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Nant y Coed Local Nature Reserve


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A beautiful sheltered oak woodland nestled beneath the Carneddau mountain range. The impressive Afon Llanfairfechan roars loudly when in full flow.
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Why visit?

  • Beautiful ancient woodland
  • Riverside walk
  • Peaceful wildlife pond

A small ancient woodland at the top of Llanfairfechan surrounding the Afon Ddu. The footpath is steep and uneven in places with two sets of steps, giving you views of the trees from ground level and within the canopy.

The wildlife pond is the perfect place to pack a picnic and come and enjoy some fairy-tale-like scenery.  When the sun is on the pond, it can be easy to see fish rising.  Darting over the water are numerous dragonflies and damselflies.

The stepping stones at the top of the reserve are closed and there is no through route. We are looking at solutions and funding options for this issue.

Be careful around water – read the Waterside code.

Haven for wildlife

Spring is the perfect time to visit to enjoy the pretty native bluebells and other ancient woodland indicator plant species.  Bluebells and wood anemone grow well beneath the hazel and ash on the first wooded bank you come to from the Newry Drive entrance. 

If up very early, you are treated to a splendid dawn chorus. 

By early summer, the sessile oak trees are in full leaf and viewing the birds isn’t so easy. You may spot grey wagtails on the river and hear a buzzard soaring above.  You are treated to a blaze of purple as foxgloves grow densely on the riverside bank. A good nectar source for bumblebees, it’s fun to watch them wriggle about in the bell-shaped flowers.

Autumn is the best time to see the variety of fungi exploiting dead wood on the ground and standing tree stumps.

In autumn and winter you’ll see the river in full flow. The watercourse is still being forged.  The boulders moving along the bottom create a thunderous sound.

Recent history

Nant y Coed was once part of the Newry Estate, owned by Mr. Massey. It was developed for recreational purposes with the fish pond built around 1912.  This pond looks a lot less formal these days and is a haven for wildlife.

The estate was sold in 1923 and purchased by the then Urban District Council, now Conwy County Borough Council.

Autumn is the best time to see the variety of fungi exploiting dead wood on the ground and standing tree stumps.

In autumn and winter you’ll see the river in full flow. The watercourse is still being forged.  The boulders moving along the bottom create a thunderous sound.

Facilities

  • Timber decking and a bench by the wildlife pond.
  • Informal off road parking on Newry Drive (Grid Ref: SH69473 73968) or at the end of Valley Road (Grid Ref SH 6980 673586).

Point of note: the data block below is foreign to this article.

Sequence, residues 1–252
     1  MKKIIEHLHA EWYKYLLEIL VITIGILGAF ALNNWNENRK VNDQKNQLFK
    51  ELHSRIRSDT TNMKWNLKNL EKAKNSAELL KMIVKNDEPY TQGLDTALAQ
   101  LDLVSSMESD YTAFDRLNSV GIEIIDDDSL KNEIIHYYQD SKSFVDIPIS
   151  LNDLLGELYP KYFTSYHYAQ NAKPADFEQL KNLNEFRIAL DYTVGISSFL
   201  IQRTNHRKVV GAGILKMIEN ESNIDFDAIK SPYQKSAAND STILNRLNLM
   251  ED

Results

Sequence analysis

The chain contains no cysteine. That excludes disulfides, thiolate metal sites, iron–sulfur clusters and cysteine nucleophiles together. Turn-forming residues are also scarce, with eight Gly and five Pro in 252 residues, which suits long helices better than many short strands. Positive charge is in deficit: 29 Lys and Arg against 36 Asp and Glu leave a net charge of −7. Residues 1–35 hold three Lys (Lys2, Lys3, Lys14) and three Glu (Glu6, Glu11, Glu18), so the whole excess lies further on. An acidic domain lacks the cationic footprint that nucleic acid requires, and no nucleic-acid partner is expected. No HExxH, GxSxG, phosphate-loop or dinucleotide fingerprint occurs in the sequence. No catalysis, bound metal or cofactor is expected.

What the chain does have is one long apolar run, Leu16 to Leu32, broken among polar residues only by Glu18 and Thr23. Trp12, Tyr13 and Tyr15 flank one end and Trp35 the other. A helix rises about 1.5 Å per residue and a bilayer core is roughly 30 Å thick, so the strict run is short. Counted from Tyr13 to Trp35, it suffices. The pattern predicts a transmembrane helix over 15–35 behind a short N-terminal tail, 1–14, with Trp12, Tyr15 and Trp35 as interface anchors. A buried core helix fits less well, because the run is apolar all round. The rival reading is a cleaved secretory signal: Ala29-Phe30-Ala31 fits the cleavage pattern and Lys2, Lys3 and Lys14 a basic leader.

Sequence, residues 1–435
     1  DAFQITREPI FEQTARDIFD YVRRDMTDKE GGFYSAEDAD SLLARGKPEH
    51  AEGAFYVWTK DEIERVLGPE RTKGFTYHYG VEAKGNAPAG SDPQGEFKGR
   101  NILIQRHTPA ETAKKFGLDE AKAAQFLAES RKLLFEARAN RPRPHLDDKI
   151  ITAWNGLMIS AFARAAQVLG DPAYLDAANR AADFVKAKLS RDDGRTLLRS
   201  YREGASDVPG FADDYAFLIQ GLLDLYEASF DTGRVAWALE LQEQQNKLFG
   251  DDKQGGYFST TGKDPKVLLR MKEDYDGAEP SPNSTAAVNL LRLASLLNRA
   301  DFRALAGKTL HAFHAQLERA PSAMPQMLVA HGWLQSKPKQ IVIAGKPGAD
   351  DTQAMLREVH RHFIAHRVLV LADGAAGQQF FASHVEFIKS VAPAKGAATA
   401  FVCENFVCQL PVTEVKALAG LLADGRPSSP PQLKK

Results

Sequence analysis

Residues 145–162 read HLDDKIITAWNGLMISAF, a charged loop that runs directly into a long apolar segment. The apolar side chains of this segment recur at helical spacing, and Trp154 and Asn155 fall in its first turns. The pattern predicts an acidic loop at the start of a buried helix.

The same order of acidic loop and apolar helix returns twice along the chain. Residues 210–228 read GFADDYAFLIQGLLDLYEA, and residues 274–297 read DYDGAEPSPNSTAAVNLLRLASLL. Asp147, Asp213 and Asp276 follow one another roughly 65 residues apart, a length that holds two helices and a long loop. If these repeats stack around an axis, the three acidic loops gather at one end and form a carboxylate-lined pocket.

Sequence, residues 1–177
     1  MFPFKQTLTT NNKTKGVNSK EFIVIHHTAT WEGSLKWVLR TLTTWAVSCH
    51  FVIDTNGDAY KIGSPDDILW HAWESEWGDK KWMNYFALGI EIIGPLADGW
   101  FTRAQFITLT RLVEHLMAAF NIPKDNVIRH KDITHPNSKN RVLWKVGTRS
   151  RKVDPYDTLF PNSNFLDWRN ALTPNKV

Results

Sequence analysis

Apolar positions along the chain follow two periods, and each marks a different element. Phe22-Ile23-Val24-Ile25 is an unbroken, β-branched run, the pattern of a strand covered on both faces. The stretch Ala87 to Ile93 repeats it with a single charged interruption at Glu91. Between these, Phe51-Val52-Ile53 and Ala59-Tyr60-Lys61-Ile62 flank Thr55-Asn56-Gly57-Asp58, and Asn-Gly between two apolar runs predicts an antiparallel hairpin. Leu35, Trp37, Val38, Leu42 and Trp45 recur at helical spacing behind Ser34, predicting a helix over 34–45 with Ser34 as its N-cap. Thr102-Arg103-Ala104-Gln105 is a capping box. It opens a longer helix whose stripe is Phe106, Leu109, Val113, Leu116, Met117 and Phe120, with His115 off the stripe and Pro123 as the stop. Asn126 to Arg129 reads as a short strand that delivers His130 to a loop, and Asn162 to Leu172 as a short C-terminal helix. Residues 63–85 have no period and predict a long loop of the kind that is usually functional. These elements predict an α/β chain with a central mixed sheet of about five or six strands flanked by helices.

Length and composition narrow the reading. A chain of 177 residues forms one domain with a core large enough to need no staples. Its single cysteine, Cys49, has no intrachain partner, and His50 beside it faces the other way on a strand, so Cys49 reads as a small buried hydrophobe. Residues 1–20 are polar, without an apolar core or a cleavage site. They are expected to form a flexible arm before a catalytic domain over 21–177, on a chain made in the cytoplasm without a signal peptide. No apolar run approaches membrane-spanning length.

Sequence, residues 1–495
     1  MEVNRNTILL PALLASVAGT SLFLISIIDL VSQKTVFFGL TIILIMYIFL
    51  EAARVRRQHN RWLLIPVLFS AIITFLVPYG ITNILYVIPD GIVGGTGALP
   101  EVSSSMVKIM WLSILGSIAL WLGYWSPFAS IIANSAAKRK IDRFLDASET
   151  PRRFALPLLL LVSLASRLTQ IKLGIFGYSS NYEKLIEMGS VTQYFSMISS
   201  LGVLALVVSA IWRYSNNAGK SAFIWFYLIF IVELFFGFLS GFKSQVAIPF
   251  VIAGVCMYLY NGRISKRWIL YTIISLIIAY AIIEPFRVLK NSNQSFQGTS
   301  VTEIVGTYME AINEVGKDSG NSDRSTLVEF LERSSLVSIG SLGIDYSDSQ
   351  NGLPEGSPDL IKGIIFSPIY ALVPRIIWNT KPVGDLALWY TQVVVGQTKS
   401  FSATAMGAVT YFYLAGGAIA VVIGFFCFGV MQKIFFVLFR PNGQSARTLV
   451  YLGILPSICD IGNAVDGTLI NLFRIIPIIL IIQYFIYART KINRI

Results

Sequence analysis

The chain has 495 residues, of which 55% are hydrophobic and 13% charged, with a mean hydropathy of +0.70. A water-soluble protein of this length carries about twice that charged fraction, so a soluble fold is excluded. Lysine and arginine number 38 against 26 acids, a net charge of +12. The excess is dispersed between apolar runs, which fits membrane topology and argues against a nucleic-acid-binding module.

• Shops, cafes and public toilets in the centre of the town

Dogs on leads are welcome – please use the dog bins provided.
Please be aware that there may be stray sheep about and the woodland is surrounded by farmland.

Please follow the Countryside Code when visiting our Local Nature Reserves.

Is the path and access into this woodland suitable for me?

The footpath in this woodland is only suitable on foot. It is uneven, rough and steep in places, with two sets of steps.

 

How to get here

Nant y Coed location map

Walking & Cycling

Nant y Coed is a 30 minute walk or 15 minute cycle from the centre of Llanfairfechan, following Valley Road up to Newry Drive.

Public Transport

The nearest bus stop is 30 minutes’ walk away by the traffic lights in Llanfairfechan (Nant Y Berllan stop).

Llanfairfechan railway station is a request stop. The site is a 35 minute walk from the station.

Driving

Along the A55 from Bangor, turn off for Llanfairfechan at junction 14. Turn right at the traffic lights onto Village Road, pass the shops then fork left onto Bryn Road, merging into Valley Road, then Newry Drive.

Along the A55 from Chester, turn off for Llanfairfechan at junction 15. Turn left at the traffic lights onto Village Road, pass the shops then fork left onto Bryn Road, merging into Valley Road, then Newry Drive.

The site entrance is on a sharp hairpin bend with an informal parking area. (Grid Ref SH 69474 73966)

What’s nearby

Farther afield up and above Nant y Coed – try the 4.5m circular ‘Llanfairfechan Upland Walk’.  Starts from the 3 Streams car park at the top of Valley Road. It’s a narrow lane!

Grid Ref: SH 6980 673586


Check rainfall, river levels and sea data via Natural Resources Wales’s website

If you fancy a longer day out around the village lanes then take a look at the ‘Llanfairfechan Walks’ leaflet which offers 4 route options, including Glan y MÔr Elias and Tyddyn Drycin reserves.

Llanfairfechan has a pretty promenade and shoreline. The popular Wales Coast Path covers this coastal stretch.

Threats to our ash woodlands

Ash dieback is a disease affecting ash trees within many of our broadleaved woodland nature reserves and parks.

Natural Resources Wales highlights current tree health issues.

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